Friday, March 6, 2015

What does a miracle take?

There's spring training optimism, and then there's this. from Terry Ryan via's Rehtt Bollinger:

"We need to set the bar higher here. There's no sense in talking improvement. We want to get to the postseason."

Well, sure, you want to. But ... go through the list of "miracle" teams -- teams who spent years in the dumps and suddenly emerged to win a pennant -- and you're just not going to find any who did it by importing 39-year-old outfielders and 32-year-old starters.

I'm reading a book now on the "Impossible Dream" 1967 Red Sox, one of those miracle teams. What happened in Boston:

  • A new, caustic manager (Dick Williams) broke up the country-club atmosphere that had long settled into the clubhouse. Williams was fired two years later -- nobody could stand being around him anymore -- but short-term it worked.
  • Williams gave young talent a chance to play. He put Reggie Smith, a player without a set position in the minors, in center field and lived with offensive struggles early. He installed Mike Andrews at second base and was smart enough, despite his tendency to ramp up the pressure, to ease off on the fragile psyche of shortstop Rico Petrocelli.
  • Carl Yastzremski and Jim Lonborg, two talented players of (to that point) lesser accomplishment, emerged as the best hitter and starter respectively in the league that year.

The youth is the thing here, really, Look at the 67 Red Sox in Baseball Reference, and the oldest player among the eight regulars (no DH) was Yaz. He was 27. Of the five pitchers with more than 100 innings, the oldest were 30 (Lee Stange and Gary Bell).

Meanwhile, Ryan's 2015 projected regulars include five names older than that: Kurt Suzuki, Joe Mauer, Brian Dozier, Trevor Plouffe and Torii Hunter. The pitching staff figures to have at least six guys older than 30 (Ervin Santana, Ricky Nolasco, Glen Perkins, Casey Fien, Tim Stauffer and Brian Duensing, and that's assuming that somebody comes to their senses and gets rid of Mike Pelfrey).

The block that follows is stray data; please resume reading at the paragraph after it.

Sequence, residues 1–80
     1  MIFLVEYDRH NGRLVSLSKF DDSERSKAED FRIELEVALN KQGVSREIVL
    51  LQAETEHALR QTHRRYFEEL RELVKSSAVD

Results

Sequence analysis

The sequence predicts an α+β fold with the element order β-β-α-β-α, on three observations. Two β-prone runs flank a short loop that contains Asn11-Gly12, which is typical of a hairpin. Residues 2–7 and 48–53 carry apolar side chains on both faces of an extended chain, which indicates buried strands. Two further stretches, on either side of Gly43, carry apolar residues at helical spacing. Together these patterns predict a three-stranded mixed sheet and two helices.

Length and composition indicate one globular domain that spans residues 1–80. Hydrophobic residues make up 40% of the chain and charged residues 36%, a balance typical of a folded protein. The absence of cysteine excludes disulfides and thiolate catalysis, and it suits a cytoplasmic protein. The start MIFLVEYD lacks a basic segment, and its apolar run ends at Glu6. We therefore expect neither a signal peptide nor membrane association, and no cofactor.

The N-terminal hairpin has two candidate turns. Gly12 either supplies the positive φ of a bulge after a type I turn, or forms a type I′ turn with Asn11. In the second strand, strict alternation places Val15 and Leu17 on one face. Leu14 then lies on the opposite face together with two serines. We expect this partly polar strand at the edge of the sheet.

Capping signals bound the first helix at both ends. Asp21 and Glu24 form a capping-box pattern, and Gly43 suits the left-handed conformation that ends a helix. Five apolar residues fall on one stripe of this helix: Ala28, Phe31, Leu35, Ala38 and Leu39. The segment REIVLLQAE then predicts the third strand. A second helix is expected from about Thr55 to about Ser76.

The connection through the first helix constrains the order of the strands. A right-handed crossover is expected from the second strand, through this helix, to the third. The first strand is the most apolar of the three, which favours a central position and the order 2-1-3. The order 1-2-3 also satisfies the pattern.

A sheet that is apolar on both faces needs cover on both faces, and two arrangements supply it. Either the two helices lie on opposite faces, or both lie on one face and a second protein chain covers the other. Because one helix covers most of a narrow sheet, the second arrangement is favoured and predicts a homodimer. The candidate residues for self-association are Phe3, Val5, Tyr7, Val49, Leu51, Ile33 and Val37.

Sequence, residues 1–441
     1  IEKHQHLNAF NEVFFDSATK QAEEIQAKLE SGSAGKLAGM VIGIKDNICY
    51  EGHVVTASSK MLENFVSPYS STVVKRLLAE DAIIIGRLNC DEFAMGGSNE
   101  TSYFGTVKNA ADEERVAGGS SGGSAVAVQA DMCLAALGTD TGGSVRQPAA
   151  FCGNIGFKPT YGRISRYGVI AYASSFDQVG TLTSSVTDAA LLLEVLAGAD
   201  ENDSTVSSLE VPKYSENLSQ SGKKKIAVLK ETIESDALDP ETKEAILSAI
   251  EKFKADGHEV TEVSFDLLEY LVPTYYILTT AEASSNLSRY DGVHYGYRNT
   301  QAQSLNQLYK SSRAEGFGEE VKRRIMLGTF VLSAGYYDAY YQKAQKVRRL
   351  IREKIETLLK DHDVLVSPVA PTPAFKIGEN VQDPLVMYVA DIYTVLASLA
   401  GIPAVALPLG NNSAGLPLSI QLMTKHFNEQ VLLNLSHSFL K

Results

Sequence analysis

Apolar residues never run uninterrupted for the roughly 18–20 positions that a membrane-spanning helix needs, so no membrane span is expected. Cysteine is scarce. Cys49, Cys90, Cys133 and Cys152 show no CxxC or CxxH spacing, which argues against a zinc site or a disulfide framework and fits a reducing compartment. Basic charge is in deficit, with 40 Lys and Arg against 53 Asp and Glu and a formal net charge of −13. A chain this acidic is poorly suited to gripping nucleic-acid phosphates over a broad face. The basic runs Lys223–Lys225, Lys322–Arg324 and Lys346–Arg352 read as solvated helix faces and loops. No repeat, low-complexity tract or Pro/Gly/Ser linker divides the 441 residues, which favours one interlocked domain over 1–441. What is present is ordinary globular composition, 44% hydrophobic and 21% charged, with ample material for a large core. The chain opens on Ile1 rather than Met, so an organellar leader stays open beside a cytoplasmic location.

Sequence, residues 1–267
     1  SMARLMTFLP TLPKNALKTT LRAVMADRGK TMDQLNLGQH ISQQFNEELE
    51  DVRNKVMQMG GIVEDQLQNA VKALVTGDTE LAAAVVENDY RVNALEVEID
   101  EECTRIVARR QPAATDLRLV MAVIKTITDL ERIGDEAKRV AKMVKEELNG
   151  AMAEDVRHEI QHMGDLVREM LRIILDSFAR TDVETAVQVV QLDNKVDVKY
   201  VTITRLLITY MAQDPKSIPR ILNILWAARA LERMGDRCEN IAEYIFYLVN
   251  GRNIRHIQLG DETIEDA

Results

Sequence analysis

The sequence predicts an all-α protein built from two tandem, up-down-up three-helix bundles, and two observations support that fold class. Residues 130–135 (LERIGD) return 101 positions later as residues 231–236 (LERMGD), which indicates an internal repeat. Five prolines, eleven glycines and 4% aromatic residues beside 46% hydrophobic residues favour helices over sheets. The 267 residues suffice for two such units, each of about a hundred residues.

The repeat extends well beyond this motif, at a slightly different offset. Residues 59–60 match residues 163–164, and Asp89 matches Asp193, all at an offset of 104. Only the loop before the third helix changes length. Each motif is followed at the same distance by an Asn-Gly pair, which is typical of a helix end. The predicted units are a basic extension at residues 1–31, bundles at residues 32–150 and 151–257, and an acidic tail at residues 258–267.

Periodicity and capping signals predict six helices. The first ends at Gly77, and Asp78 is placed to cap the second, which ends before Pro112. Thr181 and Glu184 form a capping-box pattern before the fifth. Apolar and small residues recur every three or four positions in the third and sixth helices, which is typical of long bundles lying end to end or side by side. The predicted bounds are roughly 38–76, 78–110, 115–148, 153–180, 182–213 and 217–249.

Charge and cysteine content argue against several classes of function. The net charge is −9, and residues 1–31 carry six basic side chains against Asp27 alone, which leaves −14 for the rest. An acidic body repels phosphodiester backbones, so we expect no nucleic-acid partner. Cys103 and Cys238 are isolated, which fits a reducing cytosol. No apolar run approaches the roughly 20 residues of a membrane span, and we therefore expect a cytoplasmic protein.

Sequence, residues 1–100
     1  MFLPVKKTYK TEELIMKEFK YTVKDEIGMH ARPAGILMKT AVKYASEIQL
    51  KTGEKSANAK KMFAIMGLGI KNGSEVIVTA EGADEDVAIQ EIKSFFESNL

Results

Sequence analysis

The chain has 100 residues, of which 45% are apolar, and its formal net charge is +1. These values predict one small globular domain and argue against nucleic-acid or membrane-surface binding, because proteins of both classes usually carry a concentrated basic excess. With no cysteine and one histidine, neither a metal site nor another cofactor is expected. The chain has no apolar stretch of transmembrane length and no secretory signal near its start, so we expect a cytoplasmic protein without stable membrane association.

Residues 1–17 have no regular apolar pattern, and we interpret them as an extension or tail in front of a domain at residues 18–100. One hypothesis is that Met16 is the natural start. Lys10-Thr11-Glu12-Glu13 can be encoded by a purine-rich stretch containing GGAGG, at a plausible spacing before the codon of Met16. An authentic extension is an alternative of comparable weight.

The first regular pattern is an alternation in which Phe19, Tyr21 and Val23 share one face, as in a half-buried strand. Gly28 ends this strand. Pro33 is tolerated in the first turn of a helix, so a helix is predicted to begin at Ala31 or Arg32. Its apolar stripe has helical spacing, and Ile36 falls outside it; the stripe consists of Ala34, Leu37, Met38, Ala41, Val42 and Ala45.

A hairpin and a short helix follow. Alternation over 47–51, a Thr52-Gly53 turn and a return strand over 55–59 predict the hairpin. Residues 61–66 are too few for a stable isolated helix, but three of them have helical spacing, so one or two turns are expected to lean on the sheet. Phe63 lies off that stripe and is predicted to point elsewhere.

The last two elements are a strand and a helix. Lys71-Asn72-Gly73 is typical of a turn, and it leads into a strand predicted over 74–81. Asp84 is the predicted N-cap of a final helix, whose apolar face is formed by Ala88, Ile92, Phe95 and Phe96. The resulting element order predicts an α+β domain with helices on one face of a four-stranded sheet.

Youth. Williams, first-year manager, was 38 in 1967. Paul Molitor, first-year manager, is 58.

The Twins could go young, But they won't.

Now, going young hardly guarantees a miracle team. There's a reason they're referred to as miracle teams, after all. But going old ... that's guaranteed not to produce breakthroughs.


  1. What if they are still close in July. Why can't they then call up some of the young guys and make a run at it. Maybe Buxton gets the call. Or Rosario. If a starter is struggling why can't Meyer or Berrios come up and step into that starters spot. If the Bullpen is struggling you have Burdi, Reed or Achter. I guess I am saying if the team they bring North keeps it within striking distance until July 1st we have the young guys you talk about in your article. I think the Twins will be the early surprise team in Baseball. Maybe they won't sustain it long enough to be a factor later in the season. But the Twins have a good offensive ball club now and will be better when the Sano's, Buxton's and Rosario's arrive. You have 3 solid pitchers up top and the hope Nolasco rebounds to his norms. If they find a solid #5 guy I believe they remain a factor till late in the season.

  2. Talk about optimism. Hughes will probably regress, Santana is an average pitcher at best, the outfield defense might redefine atrocious, Danny Santana might have an on-base percentage less than .275, and I expect the team to be firmly entranched in the cellar by mid May. It is much wiser to lose with kids than with graying veterans, but Ryan et al. haven't figured this out yet. I would cut/remove Hunter, Santana, Pelfry, Suzuki, and Nolasco now and embrace the youth movement. No more procrastination.